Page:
Smenkhkare (also Smenkhare and Smenkare) may well refer to not one, but two people:
- Ankhkheprure Neferneferuaten, who is probably the queen we know as Nefertiti, wife of Akhenaton, and who may have ruled as co-regent with her husband;
- Anhkkheprure Smenkhkare, who may be identical with Ankhkheprure Neferneferuaten or may be a separate, male king.
Others instead hold that the two names refer to the same person. Some say that this one person was Nefertiti, other that it was a male, Smenkhkare, who adopted Nefertiti's names, albeit with a slightly different arrangement of the glyphs. Also suggestive that Nefertiti was Smenkhkare is the fact that Smenkhkare appeared in the record about the same time that Nefertiti disappeared, and yet she is still portrayed as having performed the rites reserved for the heir to the throne at Akhenaten's funeral.
A document names him as the husband of "the Chief Wife, his beloved, the Mistress of Upper and Lower Egypt, the Lady of the Two Lands, Meritaten" - who was the daughter of Akhenaton. And it through her royal blood that he claimed legitimacy to the throne, as was the practice in the period.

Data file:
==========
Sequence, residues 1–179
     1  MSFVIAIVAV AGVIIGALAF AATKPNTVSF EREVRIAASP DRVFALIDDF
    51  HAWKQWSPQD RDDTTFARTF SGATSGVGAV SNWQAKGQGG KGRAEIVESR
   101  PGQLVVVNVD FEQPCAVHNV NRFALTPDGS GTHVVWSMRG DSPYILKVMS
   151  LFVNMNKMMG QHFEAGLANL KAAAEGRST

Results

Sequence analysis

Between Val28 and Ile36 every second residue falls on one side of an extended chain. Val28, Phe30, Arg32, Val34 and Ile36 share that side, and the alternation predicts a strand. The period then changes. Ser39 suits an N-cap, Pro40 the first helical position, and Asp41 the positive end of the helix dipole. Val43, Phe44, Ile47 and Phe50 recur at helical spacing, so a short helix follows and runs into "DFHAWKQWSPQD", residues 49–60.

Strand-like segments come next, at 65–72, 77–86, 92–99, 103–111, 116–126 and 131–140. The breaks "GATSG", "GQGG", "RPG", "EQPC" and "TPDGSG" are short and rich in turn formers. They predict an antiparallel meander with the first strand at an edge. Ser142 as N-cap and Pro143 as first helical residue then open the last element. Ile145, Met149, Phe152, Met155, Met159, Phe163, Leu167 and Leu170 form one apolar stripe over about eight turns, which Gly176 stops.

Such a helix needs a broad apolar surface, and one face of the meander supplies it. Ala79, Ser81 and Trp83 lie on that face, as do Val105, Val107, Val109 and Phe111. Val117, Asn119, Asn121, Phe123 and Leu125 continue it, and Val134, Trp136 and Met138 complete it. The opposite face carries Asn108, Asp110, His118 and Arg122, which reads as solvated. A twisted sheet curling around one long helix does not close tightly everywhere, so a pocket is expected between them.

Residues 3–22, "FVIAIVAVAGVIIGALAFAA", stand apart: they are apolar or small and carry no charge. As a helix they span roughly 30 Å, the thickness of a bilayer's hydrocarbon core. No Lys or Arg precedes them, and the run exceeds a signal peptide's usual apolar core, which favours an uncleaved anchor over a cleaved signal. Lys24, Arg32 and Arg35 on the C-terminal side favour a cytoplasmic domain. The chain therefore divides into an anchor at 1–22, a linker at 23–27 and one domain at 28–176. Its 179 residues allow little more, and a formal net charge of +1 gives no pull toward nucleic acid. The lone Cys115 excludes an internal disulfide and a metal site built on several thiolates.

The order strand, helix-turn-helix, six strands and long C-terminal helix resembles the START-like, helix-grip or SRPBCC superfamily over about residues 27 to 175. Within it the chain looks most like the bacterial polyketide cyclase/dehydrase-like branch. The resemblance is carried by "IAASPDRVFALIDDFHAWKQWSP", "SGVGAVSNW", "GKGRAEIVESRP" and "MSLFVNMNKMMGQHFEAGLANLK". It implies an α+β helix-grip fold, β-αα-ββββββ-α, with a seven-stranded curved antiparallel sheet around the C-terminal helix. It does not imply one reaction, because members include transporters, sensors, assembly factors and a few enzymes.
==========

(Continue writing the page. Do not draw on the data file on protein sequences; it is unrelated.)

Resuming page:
Smenkhkare's parentage is unknown. Unlike the majority of other Pharaohs, the only claim he made was to have been "beloved" of Akhenaton, but never states that the latter was his father. It is however possible that he was the elder brother of his successor, Tutankhamun. This makes it plausible for them both to be sons of Amenhotep III, and therefore also brothers of Akhenaton. Casting doubt on this theory is that whenever any of Akhenaten's daughters were referenced, they were referred to as "the king's daughter, of his loins, (daughter's name)." That there was no reference to another son would seem unlikely in such a patriarchal society. Furthermore, as evidenced by Cyril Aldred (a prominent egyptologist), Smenkhkare would have to have been born at least three years before Akhenaten's reign began, making it very unlikely that he was Akehnaten's son.
Meritaten seems to have died very shortly after her father, as did her daughter, Meritaten-ta-sherit. At this point, Smenkhkare married Ankhesenpaaten. And shortly after that, perhaps less than 12 months, Smenkhkare died.
In 1907, Arthur Weigall and Theodore Davis discovered a tomb known as "Tomb 55" in the Valley of the Kings. The tomb itself is a mystery, as the door bears the name Tutankhamen, the shrine and sarcophagus indicate that they were designed for Akenaton's wife Kiya, and a very poorly preserved body that is considered, with about 80% certainty, to be male around 20 years of age. There are some indications that the body shares common traits with Tutankhamun, suggesting a close relative, but the poor degree of preservation makes this difficult to ascertain. Some consider this to be the mummy of Smenkhkare.